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Non-Fiction Classics

  1. Night by Elie Wiesel – Elie Wiesel shares his experience while in German concentration camps with his father from 1944-1945. They were in both Auschwitz and Buchenwald during World War II.
  2. Diary of Anne Frank – This is the actual diary of Anne Frank, a Jewish girl whose family hides in a small attic with another family to avoid being taken to concentration camps by the Nazis. She keeps a detailed log of their day-to-day activities, giving a poignant look at how people came together to protect one another and survive unthinkable times.

Fiction Classics

  1. Pride and Prejudice by Jane Austen – Written in 1813, this is a story about five daughters at the age of courtship. It shows an honest depiction of manners, marriage, and money in the Regency era in Great Britain. Readers are often drawn to the independent, stubborn Elizabeth and her flirtatious back-and-forth with Mr. Darcy.
  2. Alice in Wonderland by Lewis Carroll – This classic tale follows Alice in her journey to a magical wonderland with unusual experiences with colorful characters like the Mad Hatter, the Cheshire Cat, and more.
  3. The Lion, The Witch and the Wardrobe by C.S. Lewis – When four siblings are sent to a country house to shelter them from the bombings in London, one sibling finds a magical wardrobe that transports them to a world called Narnia. What the four experience there changes their lives forever.
  4. The House on Mango Street by Sandra Cisneros – A tale about the challenges of growing up poor in a small neighborhood. Some characters in the book do not speak English, and their feeling of powerlessness from their lack of ability to communicate is a worthwhile theme for all readers to explore.
  5. To Kill a Mockingbird by Harper Lee – Set in the Great Depression, this story is narrated by the sassy Scout as she watches her lawyer father defend a black man accused of raping a white woman. Through Scout, readers are transported back in time and can feel the racial tensions and injustices while also enjoying Scout’s humor and learning from Atticus’ wisdom.
  6. The Phantom Tollbooth by Norton Juster – Bored Milo has an unlikely adventure when he receives a magic tollbooth that allows him to travel to another kingdom to learn how fun learning can be.
  7. Roll of Thunder, Hear My Cry by Mildred D. Taylor  – Through the eyes of little Cassie, we see the ugliness of hatred and racism. We also learn the challenges of being African American during the Great Depression and Jim Crow era.
  8. The Call of the Wild by Jack London – Buck, the dog, lives an everyday dog life until he is stolen and sent to Canada to pull dog sleds. There he meets his new master, John Thornton, for who he will do anything. Themes of loyalty, love, and bravery will resonate with adventure lovers.

Dystopian Classics

  1. 1984 by George Orwell – An eerie book to read now, as Orwell adeptly wrote a book set in the future that has, in many ways, already come to pass. Themes like the dangers of a totalitarian government and media manipulation to control people will especially appeal to today’s tech-obsessed generation.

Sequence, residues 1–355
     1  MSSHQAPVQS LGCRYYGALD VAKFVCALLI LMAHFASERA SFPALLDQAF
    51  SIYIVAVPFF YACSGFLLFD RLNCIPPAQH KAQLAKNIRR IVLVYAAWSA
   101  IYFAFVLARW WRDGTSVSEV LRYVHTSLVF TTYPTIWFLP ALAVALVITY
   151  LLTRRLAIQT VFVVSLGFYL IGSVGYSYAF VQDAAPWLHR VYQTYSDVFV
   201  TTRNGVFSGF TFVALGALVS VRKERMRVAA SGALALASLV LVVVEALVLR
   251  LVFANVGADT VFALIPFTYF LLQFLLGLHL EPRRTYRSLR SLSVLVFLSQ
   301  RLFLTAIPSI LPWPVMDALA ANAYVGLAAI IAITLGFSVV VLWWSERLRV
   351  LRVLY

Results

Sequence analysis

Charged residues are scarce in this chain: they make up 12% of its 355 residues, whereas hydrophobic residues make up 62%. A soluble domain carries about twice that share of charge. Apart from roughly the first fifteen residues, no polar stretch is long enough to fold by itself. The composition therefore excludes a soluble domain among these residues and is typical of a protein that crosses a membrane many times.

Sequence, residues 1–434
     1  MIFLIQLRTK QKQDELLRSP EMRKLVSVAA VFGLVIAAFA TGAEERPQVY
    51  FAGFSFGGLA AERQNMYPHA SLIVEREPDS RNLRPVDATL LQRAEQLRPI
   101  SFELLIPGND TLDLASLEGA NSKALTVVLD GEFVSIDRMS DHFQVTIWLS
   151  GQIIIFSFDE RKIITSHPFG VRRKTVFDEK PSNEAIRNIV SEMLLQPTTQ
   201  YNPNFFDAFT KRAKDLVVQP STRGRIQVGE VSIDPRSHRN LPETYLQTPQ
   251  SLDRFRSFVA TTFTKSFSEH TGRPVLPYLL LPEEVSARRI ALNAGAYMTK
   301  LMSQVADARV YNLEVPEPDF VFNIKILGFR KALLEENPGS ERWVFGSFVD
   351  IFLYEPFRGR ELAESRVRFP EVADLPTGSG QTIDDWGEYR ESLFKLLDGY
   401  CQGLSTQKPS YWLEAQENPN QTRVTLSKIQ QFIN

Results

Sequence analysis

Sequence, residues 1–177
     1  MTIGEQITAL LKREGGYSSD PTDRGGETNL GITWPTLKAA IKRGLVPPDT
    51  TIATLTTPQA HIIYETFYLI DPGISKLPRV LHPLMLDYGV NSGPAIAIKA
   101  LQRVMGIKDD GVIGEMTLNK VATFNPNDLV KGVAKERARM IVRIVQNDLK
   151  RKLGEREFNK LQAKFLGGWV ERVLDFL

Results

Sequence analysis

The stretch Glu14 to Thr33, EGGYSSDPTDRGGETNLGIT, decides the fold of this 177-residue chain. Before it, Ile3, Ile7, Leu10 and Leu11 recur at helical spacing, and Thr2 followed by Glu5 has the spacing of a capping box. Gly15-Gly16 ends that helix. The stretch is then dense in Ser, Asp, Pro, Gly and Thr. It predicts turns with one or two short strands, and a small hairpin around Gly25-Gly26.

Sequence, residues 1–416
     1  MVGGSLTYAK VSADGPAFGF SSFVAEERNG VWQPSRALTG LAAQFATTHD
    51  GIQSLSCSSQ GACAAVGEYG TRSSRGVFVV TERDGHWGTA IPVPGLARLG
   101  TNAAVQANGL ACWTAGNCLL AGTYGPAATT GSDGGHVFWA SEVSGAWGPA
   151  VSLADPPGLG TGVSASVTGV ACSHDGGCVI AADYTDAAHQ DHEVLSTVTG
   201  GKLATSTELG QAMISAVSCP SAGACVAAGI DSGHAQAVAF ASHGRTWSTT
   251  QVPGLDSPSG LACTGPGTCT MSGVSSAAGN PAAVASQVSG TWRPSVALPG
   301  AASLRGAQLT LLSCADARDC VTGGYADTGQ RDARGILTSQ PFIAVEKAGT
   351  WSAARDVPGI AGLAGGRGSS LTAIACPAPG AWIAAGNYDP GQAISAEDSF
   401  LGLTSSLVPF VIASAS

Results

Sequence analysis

2. Animal Farm by George Orwell – Animal Farm is an allegorical novel about the events leading up to the Russian Revolution of 1917 and the Stalin era in the Soviet Union. The story is told through farm animals, such as Old Major, who inspires his fellow animals to revolt against their master, Mr. Jones.
  3. The Count of Monte Cristo by Alexandre Dumas – When young sailor Edmond Dantes is wrongfully imprisoned by his friend who wants the beautiful Mercedes for himself, Edmond must strategize to get revenge.
  4. Lord of the Flies by William Golding – When a group of young boys is stranded on a deserted island, they must develop their own rules and roles in the group. But, without any accountability, their behavior quickly begins to regress into violence.
  5. The Hobbit by J.R.R. Tolkien – Bilbo Baggins and the other hobbits live a peaceful life until Gandalf, the wizard, convinces them to join a quest to take back the Kingdom of Erebor.
  6. Fahrenheit 451 by Ray Bradbury – In this dystopian society, books are illegal and burned. Guy Montag is a fireman in charge of book burning, and he is transformed when an older woman would rather die by being burned alive than allow her books to be burned.

Shakespearean Classics

  1. Macbeth by William Shakespeare – When Macbeth receives a prophecy from three witches that he will become the King of Scotland, he becomes obsessed with ambition. He murders King Duncan to take the throne, leading to consequences Macbeth could never have imagined.
  2. Romeo and Juliet by William Shakespeare – Star-crossed lovers Romeo and Juliet are from two powerful families with a long grudge. Their inability to together change their families and their fates forever.
  3. Hamlet by William Shakespeare – When Hamlet receives a visit from his father’s ghost, the former King of Denmark, he is told to avenge his father’s murder. Hamlet starts to go mad with his plotting and his uncle, King Claudius, begins to plot against Hamlet as well.
  4. A Midsummer Night’s Dream by William Shakespeare – By far the most teen-friendly of the Shakespearean plays, A Midsummer Night’s Dream is so well-suited for being read aloud in character, your teens won’t be able to resist playing one of the love-struck characters who can’t stop falling in love with a different person. Shakespeare deftly communicates the theme of how fickle young love truly is.

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